On December 15th, 1675 Johannan Vermeer died of a short illness. Catharina declared that the financial hardships has contributed to Johannas’s death. This left his family in debt. The High Court relieved Catharina of the debt due to the fact she had to look after and raise 11 children. The City Council took the Vermeer house and most of the contents, there were not may left at this time. There were 19 remaining paintings all were bequeathed to Catharina and her mother. Catharina sold two paintings to Henrich van Buyten from whom Vermeer had borrowed money.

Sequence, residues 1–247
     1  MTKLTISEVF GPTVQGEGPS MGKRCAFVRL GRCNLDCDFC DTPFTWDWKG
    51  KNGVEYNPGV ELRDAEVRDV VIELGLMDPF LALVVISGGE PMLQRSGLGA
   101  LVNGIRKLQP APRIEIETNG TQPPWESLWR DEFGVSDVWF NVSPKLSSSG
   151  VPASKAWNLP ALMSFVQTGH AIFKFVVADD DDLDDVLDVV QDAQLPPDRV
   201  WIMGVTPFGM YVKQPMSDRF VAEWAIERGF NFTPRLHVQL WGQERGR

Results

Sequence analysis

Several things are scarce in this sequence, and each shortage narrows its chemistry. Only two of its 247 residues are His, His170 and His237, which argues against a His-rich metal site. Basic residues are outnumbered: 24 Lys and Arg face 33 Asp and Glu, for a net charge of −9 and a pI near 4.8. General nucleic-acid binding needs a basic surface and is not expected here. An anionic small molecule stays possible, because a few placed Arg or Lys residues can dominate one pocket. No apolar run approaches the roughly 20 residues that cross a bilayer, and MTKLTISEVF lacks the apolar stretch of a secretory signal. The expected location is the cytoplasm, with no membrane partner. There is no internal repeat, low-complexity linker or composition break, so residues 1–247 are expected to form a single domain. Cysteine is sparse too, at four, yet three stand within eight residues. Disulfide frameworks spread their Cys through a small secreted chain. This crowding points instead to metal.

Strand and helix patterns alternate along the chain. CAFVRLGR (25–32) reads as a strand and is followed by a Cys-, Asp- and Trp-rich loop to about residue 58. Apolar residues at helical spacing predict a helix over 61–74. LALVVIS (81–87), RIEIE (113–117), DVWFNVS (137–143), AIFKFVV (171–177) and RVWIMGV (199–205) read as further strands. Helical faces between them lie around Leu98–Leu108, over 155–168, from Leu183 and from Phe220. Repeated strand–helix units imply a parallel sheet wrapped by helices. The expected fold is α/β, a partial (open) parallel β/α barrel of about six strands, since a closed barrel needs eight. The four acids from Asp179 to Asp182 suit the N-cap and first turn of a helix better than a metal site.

We know for sure there are 34 paintings attributed to Johannas Vermeer. We know he painted domestic scenes of mostly woman. Many of these scenes were painted in his own home, using the same props, rooms and furnishings. Vermeer was a respected artist in Delft, though he was almost unknown outside of his city. His Patron Pieter van Ruijven had been the largest purchaser of Vermeers’ paintings. Ruijven had been the person responsible for any recognition that Vermeer ever achieved in his lifetime. There is a belief that the reason he painted limited works was due to the fact he had a large family to look after, was director of the guild, and was also an innkeeper and art dealer, all taking up his time.